I went out at a faster-than-qualifying pace, hitting mile 16 in just over 2 hours. I slowed considerably in the last 6 miles, due to calf pain, tired quads, and mental fatigue. I starting running from mile marker to mile marker and giving myself a short walk break at each (a strategy I used at Ironman to break the run into shorter, manageable chunks). While it didn’t feel or look pretty, I made it to the finish in 3:27 for my first BQ.

How long had you been running when you ran your first BQ? 6 years

Did you run in college or high school?        No

What was your approximate lifetime mileage at the time of your first BQ? I don’t closely track mileage unless I am training to an event, but I would estimate lifetime mileage at around 5000.

How many miles did you run in the year before your first BQ? Not many. In the year leading up to the race I was focused on training for Ironman Wisconsin, and for me that meant cutting way back on running in order to become a stronger swimmer and biker. During Ironman training, my weekly mileage was around 20 miles per week. Then after Ironman I took several months off from running before getting back into things to train for Glass City, at which point I was following a plan that had me running around 35 miles per week.

Approximately how many races did you run in that year? 1 running race and 2 long course triathlons

Did you follow a canned program? If so, which one? If not, can you give us an idea of what your training philosophy was? Yes, Run Less Run Faster. I think the Run Less method has lots of critics who feel that mileage isn’t high enough to lead to a successful marathon. I really liked the plan because it allowed me to continue with hard bike and swim workouts on the days I wasn’t running. Since every workout in the plan is “hard,” I approached each one ready to work and didn’t allow myself to give less than my all.

Did you run with a running club or utilize a coach? No

Did cross training play a role in your training? If so, how? I followed the Run Less Run Faster plan which requires 2 to 3 days of hard cross training workouts (either swimming, biking, or rowing) on days where there is no run workout. As a triathlete I found this to be the perfect way to blend marathon training with the other sports I was accustomed to doing. My cross training workouts were high intensity and generally lasted 45 minutes to an hour. I would swim once or twice a week and bike twice a week.

Did speed work play a role in your training? If so, how? In the Run Less Run Faster plan, there are two workouts a week dedicated to speed. The first is traditional track workouts with a mix of 400s, 800s, 1200s, and 1600s. The second are tempo runs ran at race pace or faster. I attribute the speed workouts to my significant gains during this training cycle.

Any other thoughts you would like to share with those of working towards a BQ? Find a plan that works for your schedule and lifestyle and stick to it!

Boston Qualifier Questionnaire Art

Hanh’s the Miracle of Mindfulness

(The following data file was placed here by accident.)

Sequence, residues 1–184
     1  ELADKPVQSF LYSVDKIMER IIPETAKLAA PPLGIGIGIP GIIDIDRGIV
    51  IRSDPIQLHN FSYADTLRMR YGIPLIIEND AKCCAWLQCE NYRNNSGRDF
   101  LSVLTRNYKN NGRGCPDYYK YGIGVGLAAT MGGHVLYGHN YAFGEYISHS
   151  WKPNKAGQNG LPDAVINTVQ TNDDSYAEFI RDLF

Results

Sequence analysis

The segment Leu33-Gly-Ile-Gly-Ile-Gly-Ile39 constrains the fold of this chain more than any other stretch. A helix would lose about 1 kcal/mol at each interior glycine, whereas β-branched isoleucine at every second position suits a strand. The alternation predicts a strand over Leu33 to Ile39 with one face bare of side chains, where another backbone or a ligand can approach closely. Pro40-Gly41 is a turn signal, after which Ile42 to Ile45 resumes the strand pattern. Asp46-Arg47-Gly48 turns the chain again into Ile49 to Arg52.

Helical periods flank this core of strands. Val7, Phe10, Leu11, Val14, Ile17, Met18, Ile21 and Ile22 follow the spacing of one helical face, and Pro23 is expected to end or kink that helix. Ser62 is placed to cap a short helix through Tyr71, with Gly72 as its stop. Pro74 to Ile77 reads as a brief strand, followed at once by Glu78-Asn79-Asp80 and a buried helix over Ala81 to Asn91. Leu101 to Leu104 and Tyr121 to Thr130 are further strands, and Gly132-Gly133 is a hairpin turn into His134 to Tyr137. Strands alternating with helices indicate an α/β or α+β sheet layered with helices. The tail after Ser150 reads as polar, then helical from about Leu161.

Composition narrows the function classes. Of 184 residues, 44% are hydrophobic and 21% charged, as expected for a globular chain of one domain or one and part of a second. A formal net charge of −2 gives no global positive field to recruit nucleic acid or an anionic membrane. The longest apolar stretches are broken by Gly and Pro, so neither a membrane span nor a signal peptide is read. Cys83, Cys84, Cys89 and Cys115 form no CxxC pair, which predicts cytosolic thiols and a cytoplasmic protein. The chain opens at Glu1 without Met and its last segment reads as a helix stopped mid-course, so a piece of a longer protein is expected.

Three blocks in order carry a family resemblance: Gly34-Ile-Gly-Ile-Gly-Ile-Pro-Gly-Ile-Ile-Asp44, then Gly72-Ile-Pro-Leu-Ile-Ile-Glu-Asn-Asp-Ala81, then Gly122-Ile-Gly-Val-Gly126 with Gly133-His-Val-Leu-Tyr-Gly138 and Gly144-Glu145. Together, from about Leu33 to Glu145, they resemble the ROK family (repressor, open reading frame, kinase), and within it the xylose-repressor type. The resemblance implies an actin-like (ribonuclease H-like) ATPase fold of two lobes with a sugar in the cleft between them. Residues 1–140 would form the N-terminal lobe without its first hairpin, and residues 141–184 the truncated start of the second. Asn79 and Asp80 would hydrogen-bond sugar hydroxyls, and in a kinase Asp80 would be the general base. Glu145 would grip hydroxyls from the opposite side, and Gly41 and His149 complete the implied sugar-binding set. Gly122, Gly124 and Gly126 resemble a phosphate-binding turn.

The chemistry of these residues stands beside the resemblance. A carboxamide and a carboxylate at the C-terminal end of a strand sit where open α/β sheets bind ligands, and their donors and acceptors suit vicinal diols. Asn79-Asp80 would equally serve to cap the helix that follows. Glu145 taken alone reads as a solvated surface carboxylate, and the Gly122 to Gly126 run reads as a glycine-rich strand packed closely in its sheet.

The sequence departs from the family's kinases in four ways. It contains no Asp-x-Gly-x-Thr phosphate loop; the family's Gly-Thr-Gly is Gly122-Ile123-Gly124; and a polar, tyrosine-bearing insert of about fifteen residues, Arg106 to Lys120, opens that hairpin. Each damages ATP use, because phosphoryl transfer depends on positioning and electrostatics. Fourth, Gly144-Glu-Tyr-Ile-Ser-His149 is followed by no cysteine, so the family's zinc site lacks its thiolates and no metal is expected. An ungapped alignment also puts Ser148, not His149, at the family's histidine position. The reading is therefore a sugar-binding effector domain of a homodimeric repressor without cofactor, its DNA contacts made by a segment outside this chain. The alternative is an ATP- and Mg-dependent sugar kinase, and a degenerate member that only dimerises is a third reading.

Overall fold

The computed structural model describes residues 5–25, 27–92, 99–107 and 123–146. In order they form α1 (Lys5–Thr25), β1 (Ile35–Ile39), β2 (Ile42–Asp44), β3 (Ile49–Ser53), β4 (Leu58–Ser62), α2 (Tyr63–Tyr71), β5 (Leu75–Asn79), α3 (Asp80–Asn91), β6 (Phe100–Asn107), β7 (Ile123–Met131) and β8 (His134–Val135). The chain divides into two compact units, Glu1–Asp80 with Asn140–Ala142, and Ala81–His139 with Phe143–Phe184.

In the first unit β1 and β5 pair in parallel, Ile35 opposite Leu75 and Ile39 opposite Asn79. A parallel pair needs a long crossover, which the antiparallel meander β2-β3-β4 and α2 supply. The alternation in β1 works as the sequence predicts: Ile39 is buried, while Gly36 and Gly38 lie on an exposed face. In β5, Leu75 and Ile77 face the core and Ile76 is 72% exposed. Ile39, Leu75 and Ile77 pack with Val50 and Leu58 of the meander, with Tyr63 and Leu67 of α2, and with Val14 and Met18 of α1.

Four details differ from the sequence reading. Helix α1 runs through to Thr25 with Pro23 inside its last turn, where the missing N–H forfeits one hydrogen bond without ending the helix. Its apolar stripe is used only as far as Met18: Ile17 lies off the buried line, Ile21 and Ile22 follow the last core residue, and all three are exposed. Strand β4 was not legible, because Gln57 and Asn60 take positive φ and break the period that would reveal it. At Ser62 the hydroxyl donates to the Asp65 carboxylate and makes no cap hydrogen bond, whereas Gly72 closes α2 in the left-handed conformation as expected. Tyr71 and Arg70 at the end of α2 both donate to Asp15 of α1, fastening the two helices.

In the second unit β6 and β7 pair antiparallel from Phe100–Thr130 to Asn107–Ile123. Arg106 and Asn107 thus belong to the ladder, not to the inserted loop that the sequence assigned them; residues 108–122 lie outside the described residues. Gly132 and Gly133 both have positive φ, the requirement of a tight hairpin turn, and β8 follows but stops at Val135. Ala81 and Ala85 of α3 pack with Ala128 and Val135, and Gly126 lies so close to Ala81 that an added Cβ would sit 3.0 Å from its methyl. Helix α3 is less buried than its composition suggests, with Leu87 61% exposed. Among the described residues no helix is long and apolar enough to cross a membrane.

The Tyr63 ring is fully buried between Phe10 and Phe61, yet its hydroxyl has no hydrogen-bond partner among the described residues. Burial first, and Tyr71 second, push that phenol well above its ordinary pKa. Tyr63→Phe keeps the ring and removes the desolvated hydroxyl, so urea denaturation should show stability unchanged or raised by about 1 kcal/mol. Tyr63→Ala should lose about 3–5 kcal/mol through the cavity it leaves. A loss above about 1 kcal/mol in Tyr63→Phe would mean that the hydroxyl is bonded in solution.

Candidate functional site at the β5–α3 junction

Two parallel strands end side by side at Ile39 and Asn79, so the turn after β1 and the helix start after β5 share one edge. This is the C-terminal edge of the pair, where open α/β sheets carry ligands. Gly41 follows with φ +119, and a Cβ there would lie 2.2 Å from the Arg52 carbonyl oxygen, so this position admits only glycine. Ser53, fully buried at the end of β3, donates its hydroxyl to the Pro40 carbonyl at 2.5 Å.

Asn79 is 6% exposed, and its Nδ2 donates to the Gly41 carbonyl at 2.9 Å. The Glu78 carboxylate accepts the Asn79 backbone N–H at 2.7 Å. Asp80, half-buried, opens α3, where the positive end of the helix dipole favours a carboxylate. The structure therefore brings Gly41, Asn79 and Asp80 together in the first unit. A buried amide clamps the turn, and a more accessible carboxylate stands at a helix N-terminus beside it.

The Miracle of Mindfulness: An Introduction to the Practice of Meditation
Thich Nhat Hanh

A beautiful and practical book on starting and sustaining a meditation practice by Thich Nhat Hanh. If you’re reading this review you probably know Hanh is one of the most important Buddhist practitioners alive today. His writings, courses, and political activism are legion, and the community that surrounds him broad and incredibly active. I’ve been an admirer from afar from many years (indeed, I have done legal work for his organization) but I haven’t really delved into his work until now.

This is a great place to start, accessible, clear, and gorgeous in its simplicity, it’s a perfect introduction to Hanh. Generally, I find myself drawn to the more scientific end of writings on mindfulness, but the sincerity and pureness of intention here drew me in and captivated me. I read the whole thing in two days.

If you’re looking to dip you toes into a mindfulness practice, you could do worse than starting here.

Recommended for the enthusiast.

How Luis Qualified for Boston After 10 Tries

Thanks to Luis (and his coach) for sharing the story of a long, but ultimately successful road to a BQ! Congrats Luis.

Name: Luis Fajardo (@LuisFajardoCR)

Sex: Male

Age (at the time of first BQ): 43

Height (at the time of first BQ):  5’7″

Weight (at the time of first BQ): 148lb

At which marathon did you get your first BQ? Spring Chance BQ.2 Marathon

Tell us a little about the race. After several attempts, I selected this race because is designed for BQ. This is a 5K loop (8 times) race and you can bring your own hydration. I needed all the variables in my favor and this race delivered. I was also fortunate enough to have good weather on race day ~43F at the start.

At my age (43), I needed 3:15 to qualify but I was aiming for 3:10 to guarantee (I hope so) and spot on 2019 Boston Race. I finished in 3:09:42.

Everything went smooth, besides a couple of wrinkles (had to stop to get a rock off my shoe, lost about 1min here and a bathroom break another minute here), but the most difficult part came at mile 25 with a light cramp on my right calve, I ran the last mile very conservative and playing in my head with the time I had left so was able to hit the time I wanted even with those difficulties. Last mile was the longest in my life.